SIL OPEN FONT LICENSE Version 1.1 - 26 February 2007
The OFL allows the licensed fonts to be used, studied, modified and redistributed freely as long as they are not sold by themselves. The fonts, including any derivative works, can be bundled, embedded, redistributed and/or sold with any software provided that any reserved names are not used by derivative works. The fonts and derivatives, however, cannot be released under any other type of license. The requirement for fonts to remain under this license does not apply to any document created using the fonts or their derivatives.
It seems like a silly restriction anyway. What advantage would someone gain over Adobe by selling freely available fonts "by themselves" with no added value?
"The following restriction on distributions, which is part of OFL, has been widely accepted by open source projects when it is applied to fonts:
1) Neither the Font Software nor any of its individual components,
in Original or Modified Versions, may be sold by itself."* 
The price it sold at. Just like people sell public domain texts, or even chunks of wikipedia as Amazon ebooks, with no added value.
The only added values I can think of would be the traditional reason why people used to buy CDs with freely available software:
- the seller delivers the stuff cheaper than if the buyer downloaded it themselves (highly unlikely nowadays, but maybe there are corners of the world where this still applies)
- the seller acts as a curator, sifting the gold from the junk, so that the buyer need not do that.
The 'curator' role might still be worth something. For example, a site could have a link 'do you like the template/icons/font we use? Buy it here'. That would be forbidden by this license (but selling all three in a package, or even two fonts with this license in one package, would be fine, at least in a literal interpretation of the license)
The TypeKit page is a decent substitute, anyway: https://typekit.com/fonts/source-sans-pro
Not a bad News Gothic descendent at all. It takes News Gothic's structural personality and adds a bit of Frutiger's humanism.
Free fonts usually come in one width, two weights (regular and bold) and two styles (roman and italic), for a total of four variations, and usually cover the Latin alphabet plus a few relatively-common variants (accented characters for western European languages, and maybe a couple of additional characters like the the German eszett or the Icelandic eth).
Professional fonts will often come with perhaps five weights (light through black), three widths (condensed, normal, wide), and two styles, for a total of thirty variants. Some will also come in different optical sizes, or have other variable properties. Additionally, they'll have much larger character coverage (perhaps including Cyrillic or Greek), and have multiple stylistic variations of individual characters (stylistic alternates, swashes, old-style figures, etc.), as well as ligatures of commonly-colliding pairs of characters like "fi." Professional fonts can thus have literally thousands of times more glyphs, are very labor-intensive to produce, and are fairly expensive.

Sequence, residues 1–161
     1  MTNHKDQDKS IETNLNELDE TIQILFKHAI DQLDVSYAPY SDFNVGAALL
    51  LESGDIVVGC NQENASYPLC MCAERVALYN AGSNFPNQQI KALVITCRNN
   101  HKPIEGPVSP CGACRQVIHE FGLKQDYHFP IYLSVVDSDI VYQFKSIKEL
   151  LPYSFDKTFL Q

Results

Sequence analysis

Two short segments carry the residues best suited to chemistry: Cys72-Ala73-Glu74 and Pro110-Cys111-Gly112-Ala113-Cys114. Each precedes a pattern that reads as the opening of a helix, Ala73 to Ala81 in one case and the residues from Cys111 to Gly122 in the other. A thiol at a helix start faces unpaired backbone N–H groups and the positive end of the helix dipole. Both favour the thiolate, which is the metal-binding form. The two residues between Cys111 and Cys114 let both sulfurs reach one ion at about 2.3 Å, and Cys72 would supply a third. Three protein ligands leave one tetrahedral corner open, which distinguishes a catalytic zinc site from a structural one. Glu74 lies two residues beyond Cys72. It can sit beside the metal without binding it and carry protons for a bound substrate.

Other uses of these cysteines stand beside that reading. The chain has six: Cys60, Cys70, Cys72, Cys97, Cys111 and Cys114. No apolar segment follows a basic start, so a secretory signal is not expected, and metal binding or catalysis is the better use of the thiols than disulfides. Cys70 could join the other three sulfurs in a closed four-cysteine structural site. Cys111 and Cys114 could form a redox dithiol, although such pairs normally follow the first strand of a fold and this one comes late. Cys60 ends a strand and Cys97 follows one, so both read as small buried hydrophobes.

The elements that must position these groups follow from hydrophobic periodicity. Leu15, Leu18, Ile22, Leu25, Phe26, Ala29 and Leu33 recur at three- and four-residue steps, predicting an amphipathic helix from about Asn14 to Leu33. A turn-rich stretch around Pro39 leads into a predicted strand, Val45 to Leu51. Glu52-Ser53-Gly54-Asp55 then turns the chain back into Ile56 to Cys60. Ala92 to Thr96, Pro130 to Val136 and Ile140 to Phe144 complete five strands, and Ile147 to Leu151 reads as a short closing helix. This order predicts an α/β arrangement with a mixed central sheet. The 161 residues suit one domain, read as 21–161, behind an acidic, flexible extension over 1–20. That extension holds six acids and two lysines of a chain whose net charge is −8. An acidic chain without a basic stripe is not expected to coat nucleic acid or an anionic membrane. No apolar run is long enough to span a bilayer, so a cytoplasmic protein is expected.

This font is certainly less rich than most of Adobe's "Pro" line of fonts, but still looks much better than a lot of what's out there in terms of open source type.
For example, the most popular sans on GWF is currently Open Sans, which does come in a wider range of weights and has italic and condensed versions available. Unlike this new font family from Adobe, Open Sans also renders well on Windows, including Windows XP and including all major browsers when used as a web font.
On the specimens there, Source Sans looks terrible at almost any sensible body text size in Firefox on Windows XP.
However, I was comparing those results with samples of Open Sans from Google Web Fonts, which look much better. Apologies if this wasn’t a fair comparison.
That really made me laugh. I love it! :)
Is there a lack of cookie recipes?
Here's the download link:
With only a quick look this looks like a really helpful contribution. I wonder if the name is a play on Open Sans.
(and the monospaced version)
I ask because I didn't notice any zeros in the code example.
[[On an aside, I love this thread. A post about the license, geeking out about the font and even more specifically the monospaced fonts. No where else would I see this conversation. :)]]
edit: sorry to burst bubbles, the release/source doesn't include the monospaced variant yet.
At this point, however, GitHub is a far larger organization. They host an order of magnitude more projects.